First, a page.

The word “healthy” plays such a large role in our vocabulary. Whether we’re talking about a healthy mindset, healthy food, healthy environment or even healthy choices, these phrases hold a lot of meaning. But for many, the word healthy may seem ambiguous and confusing. Depending on where you’re from and what you’ve learned along the way, this term may be defined differently. As a registered dietitian nutritionist, my job is to provide more nutrition education and clarity to help you build healthy habits within your lifestyle.
Let’s start with the common question of, “Is this healthy?” What comes to mind for you when scanning the health value of a food? What criteria do you use to identify something as healthy? If you’re not sure what to look for, you might start by using the nutrition facts label as a guide, identifying certain food groups from the food pyramid or determining portion sizes via MyPlate. MyPlate, launched by the United States Department of Agriculture (USDA), is used as a visual representation of how we can strive to eat for most meals and helps guide users to make healthier choices.
At Kroger Health, our food philosophy states all foods fit within a healthy eating pattern. Yes, that’s right, all food can be considered healthy with respect to portion size and your individual nutrition goals and needs.
Let’s review a few key principles outlined by the Dietary Guidelines for Americans that we should consider when building a healthy plate:
1. Fruits and Vegetables: One serving of fruit is equal to 1 cup of raw or cooked fruit, ½ cup dried fruit or 1 cup of 100% fruit juice. A serving of vegetables includes 1 cup of raw or ½ cup cooked veggies, 2 cups of leafy greens or 1 cup of 100% vegetable juice. When building your meal, aim to make half of your plate fruits and vegetables. Here are some key produce products to consider, and creative ways to use them in your meals:
- Simple Truth Organic® Riced Cauliflower Stir Fry Vegetables: Add tofu or any lean protein, like chicken breast, pork loin or fish, to your stir-fry. Or make a cold salad with cooked stir-fry vegetables as the base and topped with chopped roasted peanuts, cilantro and a squeeze of lime for a punch of flavor.
- Private Selection® Mexican Inspired Elote Mexican Corn: Use as a base for a taco bowl and top with fresh bell peppers, pickled red onions and jalapeños.
- Private Selection™ Feta Sundried Tomato & Rosemary Petite Potatoes: Serve with chicken Parmesan, crispy salmon or use as a base for a potato bowl.
2. Dairy: When it comes to dairy, you want to choose a low-fat or fat-free option; these will include 3 grams of fat or less per serving. One serving of dairy is equal to 1 cup of milk or yogurt, 1 cup of fortified non-dairy beverage, 1½ ounces of natural cheese or 2 ounces of processed cheese. Lactose-free or fortified soy versions are also recommended.
- Kroger® Vanilla Light Nonfat Greek Yogurt: Only 90 calories and packed with 13 grams of protein per serving, this yogurt is great as part of breakfast, a mid-day snack or latenight treat to satisfy your sweet tooth.
- Simple Truth Organic® Vanilla Soymilk: A dairy-free, high protein alternative, vanilla soymilk tastes delicious and is similar in nutrition to cow’s milk. Use it in baked goods, coffee drinks or even have a glass for a post-workout drink.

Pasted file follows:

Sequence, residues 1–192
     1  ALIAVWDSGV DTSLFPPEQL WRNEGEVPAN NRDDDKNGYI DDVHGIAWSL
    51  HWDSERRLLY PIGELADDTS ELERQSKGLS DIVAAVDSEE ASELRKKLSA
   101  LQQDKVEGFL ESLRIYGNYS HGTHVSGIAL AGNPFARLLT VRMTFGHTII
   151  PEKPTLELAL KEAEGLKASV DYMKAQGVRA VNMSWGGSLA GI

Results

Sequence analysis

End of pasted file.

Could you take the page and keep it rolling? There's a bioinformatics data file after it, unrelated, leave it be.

3. Grains: A serving of grains is equal to 1 ounce of bread, 1 ounce of ready-to-eat cereal or ½ cup of cooked rice, pasta or cereal. Aim to make half of your grains whole grains. Pro tip: look for the word “whole” within the first ingredient listed to ensure there is less processing and more intact fiber, which is beneficial for gut health.
- Seeds of Change Organic Spanish Style Rice: Ready in 90 seconds, this smokey and flavorful Spanish-style rice is a great base for a paella, arroz con pollo or even stuffed into a burrito.
- Toufayan Whole Wheat Pita Loaves 6 Count: Acting as a good source of protein and fiber, these 150-calorie pitas can work great as a snack to dip in hummus or as a gyro for dinner.
4. Protein: One serving of protein includes about 3 ounces of cooked meat, ¼ cup of nuts or seeds, 1 egg, 1 tablespoon of peanut butter or ½ cup cooked beans. To best support your body, vary your proteins. An easy way to enjoy different types of proteins on different nights of the week is by doing theme nights, such as Meatless Monday, Taco Tuesday and so forth.
- Private Selection® Mussels with a White Wine Butter & Garlic Sauce: With a whopping 31 grams of protein per serving, these mussels are tasty and are perfectly complemented by a side of rice and vegetables. They also work well as an appetizer.
- Kroger Brand Hard Cooked Peeled Eggs: Eggs are one of the least expensive proteins in the grocery store! Use these hard-boiled eggs for quick snacking, an avocado egg salad or to add protein to your salad.
- Kroger Brand Beef Shaved Steak: Shredded lean beef is the perfect protein for your Philly cheesesteak.
More Healthy Eating Tips
Remember to consume more nutrient-dense foods and manage your portions when it comes to foods that contain more “empty calories” or not as much nutritional value. Enjoy more mangos, dates, kale, lentils and nuts, and consume soda, candy and baked goods in moderation.
Now that you have some fresh ideas for what makes a meal healthy, how do you continue to make healthier choices? The simple answer is: Enjoy what you eat! Experiment with food, customize your choices and reach out to a registered dietitian for individual support. We work with you to create a customized plan and counseling strategies to ensure your relationship with food is always strong and that maintaining healthy eating patterns can come naturally. A healthy relationship with food is crucial for continued success!